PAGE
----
Today, Hillcrest Hope graduate Chris sees his life with clear eyes, noticing grace in so many aspects. But it wasn't always that way. For years, Chris lived in despair. Recently, we at Hillcrest Hope joined him at his Alcoholic's Anonymous hall to celebrate not only his one year of sobriety, but the incredible strides he has made.
Often, Chris cannot comprehend the grace that he's been given in his life. This is the grace of second, third, fourth-seemingly innumerable chances. Chris recognizes that addiction started for him around 16 years of age. Despite a healthy, supportive family, with parents celebrating 50 years of marriage this year, Chris found lies to believe about himself at a young age. He lived with pain and hurt from experiences with which he could not cope.
When Chris walked through the doors of the local AA hall, he still wasn't sure he had found a place he belonged. This quickly changed, as he recognized that people genuinely cared about him, making sure he came to each meeting and that he had the tools and encouragement he needed. Chris met a man who he asked to be his sponsor. This mentor and his family became Chris' surrogate family; Chris was grateful for two loving, supportive families.
Even in the process of moving forward, Chris struggled to ask for help. He wasn't sure Hillcrest Hope could help "someone like him" or that anyone would even want to. After pursuing the program with consistency and diligence, Chris received the call that he had been accepted. Accepted. "And I felt accepted, not only by the program, but by the people" Chris shares.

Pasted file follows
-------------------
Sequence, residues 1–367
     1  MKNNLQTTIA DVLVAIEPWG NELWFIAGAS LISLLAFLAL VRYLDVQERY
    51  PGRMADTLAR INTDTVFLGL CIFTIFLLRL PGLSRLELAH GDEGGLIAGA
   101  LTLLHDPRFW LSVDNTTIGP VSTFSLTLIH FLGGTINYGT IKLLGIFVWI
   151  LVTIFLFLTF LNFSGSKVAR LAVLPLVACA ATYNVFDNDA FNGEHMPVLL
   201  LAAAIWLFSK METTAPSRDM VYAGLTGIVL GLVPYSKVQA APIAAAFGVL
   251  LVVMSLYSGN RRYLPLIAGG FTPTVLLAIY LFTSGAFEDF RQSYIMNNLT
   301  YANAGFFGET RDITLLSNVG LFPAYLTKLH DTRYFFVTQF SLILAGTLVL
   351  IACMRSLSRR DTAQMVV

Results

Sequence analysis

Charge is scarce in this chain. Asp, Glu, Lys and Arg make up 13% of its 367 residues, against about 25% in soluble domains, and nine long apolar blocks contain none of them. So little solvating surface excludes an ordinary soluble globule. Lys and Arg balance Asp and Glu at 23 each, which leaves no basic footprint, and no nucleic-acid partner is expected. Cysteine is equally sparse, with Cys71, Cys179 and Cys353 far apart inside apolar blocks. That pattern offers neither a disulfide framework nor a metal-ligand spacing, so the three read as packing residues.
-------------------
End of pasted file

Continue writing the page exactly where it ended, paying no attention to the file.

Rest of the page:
It was at Hillcrest Hope that Chris learned how to budget, to be responsible and to begin trusting his own decisions. Most importantly, he grew in his ability to accept help from others. Now, Chris clings to this mantra: You can start your day over anytime. He allows himself the grace he needs to adjust, correct and cope. As he strives to build himself, he recognizes that he is becoming someone his family and friends are proud of: proud to know, proud to love, proud to employ, proud to be known with.
As all of those at Hillcrest Hope do towards the middle of their time with us, Chris began looking for housing. Careful budgeting and his strong work ethic led to tremendous amounts of debt paid off. He established employment references, financial references and a glowing reference from Hillcrest Hope but his past still stood in the way of finding housing.
Just when Chris began to lose hope, his close friend and mentor stepped in. They began looking for a house to buy. They shopped quickly and wisely, finding a home in foreclosure. Chris couldn't believe that he would be moving into a home: a real home of his own for the first time in his life. Through his journey, dark and difficult, he never imagined he could have this.
Chris explains that in recovery from addiction, people have the opportunity to live two lives in one lifetime. The life I live now does not even resemble my old life. God doesn't just take out the dents, put on some new tires and give you a new paint job. He entirely removes the old and replaces it with the new.
Chris can't quite pinpoint when he started to believe he was worthy of this life and these opportunities. "It's one of those things that kind of sneaks up on you," he explained. "I cannot say with 100% certainty that I deserve the things that I have, but most of the time I am okay with the person I have become. I try to forget the labels and accept the support and love that surrounds me."
"I make all things new." Revelation 21:5